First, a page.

DOWNTOWN LOS ANGELES (KABC) -- Two more buses carrying migrants arrived in downtown Los Angeles from Texas on Tuesday, marking the 21st and 22nd such arrivals since June.
Seventy-one migrants were onboard the two buses. They were originally from Guatemala, Cuba, Nicaragua, Colombia, Iran, Mexico and Venezuela.
Last week, when three busloads with 109 migrants arrived on Friday, Los Angeles Mayor Karen Bass noted that "Governor (Greg) Abbott continues to put vulnerable lives in jeopardy with limited food and water on multi-day bus journeys to Los Angeles."
On X, the Coalition for Humane Immigrant Rights confirmed the arrival of 27 asylum-seekers Saturday with no children. It did not specify from which nations they had come.
While the collective expected 109 migrants to arrive Friday, it only assisted 65, citing that some of the migrants may have been picked up by family members or sponsors, or some left immediately upon their arrival at Union Station.
Of the 65 migrants, 16 were children and there were 35 family-units, meaning migrants who traveled with a spouse, partner, a child or children. Additionally, 36 were female and 29 were male.
According to the CHIRLA, which is a member of the L.A. Welcomes Collective, a network of nonprofit, faith groups and city and county services that respond to the arrival of migrant buses, a third of all migrants arriving in Los Angeles by bus have been children.
"When migrants arrive in California -- more than 434,000 have arrived in California since 2019 -- we receive them, integrate them into society, and they in turn contribute positively to our way of life. The Golden State is an immigrant state and that will not change," CHIRLA wrote on X.
The Clergy & Laity United for Economic Justice, another member of the collective, wrote on X they learned of two of Friday's buses early Friday morning. The lack of information resulted in "stretching our resources for greeting people with dignity and respect, helping them reunite with family and connect with sponsors," according to CLUE Justice.
"It is abhorrent and cruel of Gov. Abbott to send human beings who are tired, hungry and yearning for a safe haven on a 30-hour bus ride without regard for their care, journey or destination," CHIRLA wrote on X. "It is clear he is trying to disrupt our efforts, but we will persevere."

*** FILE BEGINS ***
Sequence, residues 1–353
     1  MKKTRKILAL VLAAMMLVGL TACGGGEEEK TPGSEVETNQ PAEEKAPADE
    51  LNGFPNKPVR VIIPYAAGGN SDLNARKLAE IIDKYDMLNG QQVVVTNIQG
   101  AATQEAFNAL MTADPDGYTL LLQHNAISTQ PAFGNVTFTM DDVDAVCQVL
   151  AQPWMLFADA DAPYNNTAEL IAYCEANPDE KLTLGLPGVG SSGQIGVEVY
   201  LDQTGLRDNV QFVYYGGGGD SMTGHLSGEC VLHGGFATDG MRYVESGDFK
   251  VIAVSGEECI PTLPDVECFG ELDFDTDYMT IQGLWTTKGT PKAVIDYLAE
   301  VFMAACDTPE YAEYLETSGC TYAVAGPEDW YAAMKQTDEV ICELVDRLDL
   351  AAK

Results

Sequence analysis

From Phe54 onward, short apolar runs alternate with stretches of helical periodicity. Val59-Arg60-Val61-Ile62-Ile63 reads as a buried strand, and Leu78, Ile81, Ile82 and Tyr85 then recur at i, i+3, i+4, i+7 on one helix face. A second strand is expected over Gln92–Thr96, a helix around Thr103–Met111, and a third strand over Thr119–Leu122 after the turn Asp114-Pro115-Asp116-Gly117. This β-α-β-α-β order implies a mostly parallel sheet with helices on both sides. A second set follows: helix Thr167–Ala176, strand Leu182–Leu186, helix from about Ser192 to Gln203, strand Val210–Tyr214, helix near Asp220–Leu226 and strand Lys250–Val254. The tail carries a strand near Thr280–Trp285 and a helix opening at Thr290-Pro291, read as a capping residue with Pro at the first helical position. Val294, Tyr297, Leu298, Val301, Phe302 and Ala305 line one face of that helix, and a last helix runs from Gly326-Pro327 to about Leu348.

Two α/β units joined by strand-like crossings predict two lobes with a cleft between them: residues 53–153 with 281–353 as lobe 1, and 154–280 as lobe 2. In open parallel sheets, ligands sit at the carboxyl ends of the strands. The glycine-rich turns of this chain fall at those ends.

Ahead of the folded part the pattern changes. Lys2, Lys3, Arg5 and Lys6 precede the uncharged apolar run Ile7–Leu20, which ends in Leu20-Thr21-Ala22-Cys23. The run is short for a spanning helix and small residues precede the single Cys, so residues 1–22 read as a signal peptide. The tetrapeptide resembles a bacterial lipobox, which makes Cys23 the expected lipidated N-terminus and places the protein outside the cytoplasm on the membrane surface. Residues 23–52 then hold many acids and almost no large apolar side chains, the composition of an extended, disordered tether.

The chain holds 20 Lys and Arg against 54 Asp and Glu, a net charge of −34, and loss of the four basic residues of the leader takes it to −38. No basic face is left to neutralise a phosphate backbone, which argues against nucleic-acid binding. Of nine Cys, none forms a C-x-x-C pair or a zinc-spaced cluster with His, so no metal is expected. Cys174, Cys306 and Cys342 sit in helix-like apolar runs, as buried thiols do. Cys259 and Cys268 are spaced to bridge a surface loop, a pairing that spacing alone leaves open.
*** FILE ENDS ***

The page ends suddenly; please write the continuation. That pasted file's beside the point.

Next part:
Jorge-Mario Cabrera, director of communications for CHIRLA, told City News Service since June a third, 35% of migrants arriving on buses from Texas are children, which is one of many reasons the collective condemns Abbot's actions.
Cabrera also noted some "folks (migrants) told us that L.A. was not their destination. They were just told to get on that bus." Many had not eaten in three days, he added.
The collective usually gets tips hours ahead from volunteers, organizations or from good Samaritans about the arrival of a bus. The route of buses from Brownsville are easier to predict, Cabrera said, but when they are sent from different cities like Del Rio, it's "difficult to guess when they'll arrive."
The collective heard about Friday's buses somewhat late, yet the collective immediately took action as they conducted a "rapid response, met migrants at the bus station and brought them to the receiving site" at St. Anthony's Croatian Catholic Church in downtown Los Angeles.
Migrants received a medical check up, and no one was in need of serious medical attention. Many of them were anxious, hungry and exhausted, yet looking forward to the next leg of their journey -- getting to prove their asylum claim.
Cabrera reiterated the collective will support them with basic needs as migrants are met by their family or sponsors.
Cabrera said he hopes the buses will slow down and stop altogether because Gov. Abbott is using migrants as "political pawns" without regard to their health. But he knows that is less than likely as the political season takes shape.
Texas Gov. Abbott has been orchestrating the trips under Operation Lone Star, saying Texas' border region is "overwhelmed" by immigrants crossing the Mexican border. OLS is a joint operation between the Texas Department of Public Safety and the Texas Military Department along the southern border between Texas and Mexico.
City News Service contributed to this report.